Strikes in transport and other sectors to hit the UK

A series of strikes is set to begin in Britain this week, pointing to a nascent rebellion by workers against the efforts of the trade unions to suppress opposition to the corporate-government onslaught on jobs, wages and conditions.

On Sunday evening, members of the National Union of Rail, Maritime and Transport Workers (RMT) and the Transport Salaried Staffs’ Association (TSSA) walked off the job for 24 hours to protest unsafe conditions resulting from ticket office closures and job losses. The strike will bring much of the London Underground network to a halt, with the closure of many central London stations.

On Tuesday, train drivers employed by Southern Rail, which is run by the Govia Thameslink Railway franchise, will walk out for 48 hours, with an additional 24-hour strike to be held Friday. The drivers are protesting the company’s decision to impose Driver Only Operated (DOO) trains, first by eliminating the role of conductors in opening and closing doors and reducing their mandate to collecting fares. The move, endangering public safety, is aimed at the eventual elimination of conductors on the railways.

Southern, backed to the hilt by the Conservative government, claimed they were justified in imposing DOO, citing a report by the Office of Rail and Road (ORR), a non-ministerial government department. Ian Prosser, the chief inspector of railways, stated, “ORR is satisfied that with suitable equipment, proper procedures and competent staff in place, it is a safe method of working. ” [Emphasis added]. However, the rail industry-funded body, stuffed with Tory appointees, was forced to acknowledge that such procedures, equipment and staff do not presently exist, highlighting over 20 serious safety failures related to DOO and concluding that until changes are made DOO remains unsafe.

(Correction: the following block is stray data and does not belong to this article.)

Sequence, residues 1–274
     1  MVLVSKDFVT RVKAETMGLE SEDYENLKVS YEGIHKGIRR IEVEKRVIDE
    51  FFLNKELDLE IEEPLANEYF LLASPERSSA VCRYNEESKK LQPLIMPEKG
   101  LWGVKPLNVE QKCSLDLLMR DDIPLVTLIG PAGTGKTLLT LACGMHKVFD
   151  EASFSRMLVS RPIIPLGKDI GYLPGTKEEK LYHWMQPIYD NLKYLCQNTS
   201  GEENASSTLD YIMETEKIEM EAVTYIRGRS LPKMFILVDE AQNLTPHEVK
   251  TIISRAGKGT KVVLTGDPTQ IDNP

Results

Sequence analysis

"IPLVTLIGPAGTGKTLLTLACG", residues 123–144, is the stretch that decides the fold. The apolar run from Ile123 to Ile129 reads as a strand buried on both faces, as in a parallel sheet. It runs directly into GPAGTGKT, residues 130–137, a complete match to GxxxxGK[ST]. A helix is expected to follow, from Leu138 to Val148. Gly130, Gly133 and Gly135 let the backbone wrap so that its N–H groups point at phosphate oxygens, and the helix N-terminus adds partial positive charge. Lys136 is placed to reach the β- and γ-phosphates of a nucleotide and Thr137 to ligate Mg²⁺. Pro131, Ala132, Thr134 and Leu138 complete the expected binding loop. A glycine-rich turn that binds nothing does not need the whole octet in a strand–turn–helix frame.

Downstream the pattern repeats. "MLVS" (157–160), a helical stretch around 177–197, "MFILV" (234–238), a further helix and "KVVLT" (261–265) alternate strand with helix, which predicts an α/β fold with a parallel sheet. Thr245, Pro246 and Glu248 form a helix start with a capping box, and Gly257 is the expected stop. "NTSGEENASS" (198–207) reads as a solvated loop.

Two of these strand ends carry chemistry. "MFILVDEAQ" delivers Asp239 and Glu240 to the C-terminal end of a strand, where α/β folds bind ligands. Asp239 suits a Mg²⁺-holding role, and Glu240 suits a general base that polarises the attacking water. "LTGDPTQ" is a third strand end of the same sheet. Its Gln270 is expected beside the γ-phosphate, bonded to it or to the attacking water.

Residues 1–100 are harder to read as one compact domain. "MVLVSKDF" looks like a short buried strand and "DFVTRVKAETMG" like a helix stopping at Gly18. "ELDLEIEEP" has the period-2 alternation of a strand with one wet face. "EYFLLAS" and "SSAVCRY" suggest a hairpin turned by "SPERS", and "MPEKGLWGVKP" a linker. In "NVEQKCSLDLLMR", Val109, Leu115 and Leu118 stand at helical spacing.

Drivers have warned that removing conductors would be a threat to passengers both when on board and when alighting, with only grainy CCTV camera pictures available to check whether or not it is safe to close a door.

On Tuesday and Wednesday, British Airways (BA) cabin crew are set to strike in protest against a two-tier wage system and poverty pay. Pay rates for the 4,000 cabin crew involved start at just £12,000, plus £3 an hour flying pay. Two thousand are in the Unite union.

Unite cited a recent survey revealing that almost half of new cabin crew had taken on a second job to make ends meet, with some sleeping in their cars between shifts. Two-thirds admitted to going to work unfit to fly because they could not afford to be off sick.

The train strikes are set to spread. This week, the RMT is to ballot its members employed by Arriva Rail North in a pay dispute. However, the pro-Conservative Party Daily Telegraph noted that “the dispute is underpinned by the possibility of the company introducing driver only trains--the issue which has been at the centre of the industrial action on Southern.

The action would affect cities such as Leeds, Manchester, Newcastle upon Tyne and Hull, and could spread to the West Midlands, Merseyside and other lines into London.

Teachers in Northern Ireland are also set to strike this month. Members of the National Association of Schoolmasters and Women Teachers (NASUWT) are to hold a one-day strike over pay, workloads and job security in an ongoing dispute. The teachers will strike in the Derry City, Strabane, Mid Ulster, Fermanagh and Omagh council areas on January 31.